A new study will shed light on the impact of safety campaigns in reducing the number of biker deaths on roads in the north and north-east.
There have been at least 42 motorcyclists killed in crashes in the north-east, Highlands and Tayside since 2014.
In 2017-18, the most recently available official figures, there were 11 such deaths across all three regions.
A matter of weeks ago, a 52-year-old man died after his bike crashed on the A837 road between Ardvreck Castle and Inchnadamph.
And in September, 35-year-old Stuart Smith was killed when his motorcycle was involved in a collision on the A98 Fochabers to Cullen road.
In an effort to reduce the number of fatalities, organisations such as the police have launched a number of initiatives to spread the message of road safety among bikers.
Now Robert Gordon University (RGU) is working with Road Safety North East Scotland (RSNES) to look at the impact they have actually had on bikers’ attitude and behaviour.
Caroline Hood, of RGU, said: “This new study will bring together existing data, policy and background information held by a range of local road safety partners in the north-east on targeted motorbike safety initiatives.
“We want to try to assess their effectiveness and subsequent to this we aim to carry out further research which will influence the development of future initiatives.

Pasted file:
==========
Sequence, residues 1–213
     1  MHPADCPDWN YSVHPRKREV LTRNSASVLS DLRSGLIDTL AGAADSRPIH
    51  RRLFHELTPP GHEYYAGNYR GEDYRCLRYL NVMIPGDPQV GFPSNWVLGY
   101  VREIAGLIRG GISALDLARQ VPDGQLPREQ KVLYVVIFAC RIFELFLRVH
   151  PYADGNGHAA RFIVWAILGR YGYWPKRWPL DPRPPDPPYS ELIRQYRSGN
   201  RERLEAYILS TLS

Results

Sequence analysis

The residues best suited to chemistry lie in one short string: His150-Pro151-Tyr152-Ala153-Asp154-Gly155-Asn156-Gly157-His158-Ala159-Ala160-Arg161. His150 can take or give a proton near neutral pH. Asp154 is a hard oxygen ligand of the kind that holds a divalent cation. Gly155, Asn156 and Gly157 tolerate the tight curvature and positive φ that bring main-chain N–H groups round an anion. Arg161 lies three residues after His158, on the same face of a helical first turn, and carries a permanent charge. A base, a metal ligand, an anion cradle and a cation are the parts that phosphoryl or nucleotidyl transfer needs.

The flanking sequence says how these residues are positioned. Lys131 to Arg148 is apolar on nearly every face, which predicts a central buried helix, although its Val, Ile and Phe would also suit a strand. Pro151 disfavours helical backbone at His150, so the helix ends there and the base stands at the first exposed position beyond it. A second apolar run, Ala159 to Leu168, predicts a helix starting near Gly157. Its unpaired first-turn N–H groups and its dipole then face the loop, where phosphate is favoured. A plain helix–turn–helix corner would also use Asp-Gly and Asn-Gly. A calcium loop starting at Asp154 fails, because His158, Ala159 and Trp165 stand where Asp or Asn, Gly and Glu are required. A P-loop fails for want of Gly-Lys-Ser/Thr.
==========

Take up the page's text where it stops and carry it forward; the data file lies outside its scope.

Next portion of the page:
“Some of us are motorcyclists ourselves and we are very aware of our vulnerability.
“We want to help other bikers – and their friends and families – avoid the potentially terrible consequences that can follow on from a road traffic collision.”
While motorcyclists in Scotland make up just 1% of all road traffic, they account for around 20% of all the people killed in accidents.
Initiatives to tackle that have included Operation Zenith, Bike Safe and the more recent Rider Refinement North, while more practical steps like targeted road signage have been taken.
It is hoped research into the effectiveness of past projects will lead to increasingly effective use of limited funds for future road safety initiatives.
And the researchers also hope it will help make the case for further investment in motorbike casualty reduction strategies.
Ewan Wallace, chairman of RSNES and head of transportation at Aberdeenshire Council, said: “We need to try to learn how bikers, those who have taken part in safety initiatives and the wider biking community, perceive attempts to improve their safety.
“Clearly, just because a biker sees or understands a road safety message relevant to them doesn’t necessarily mean that translates to how they ride their machine.
“We want to know how best to engage and reduce death and injury among motorcyclists.”
As well as the chance to take part in a survey, north east bikers will also be invited to participate in focus groups, where their views will be sought.
Further information on how to take part will be available in due course.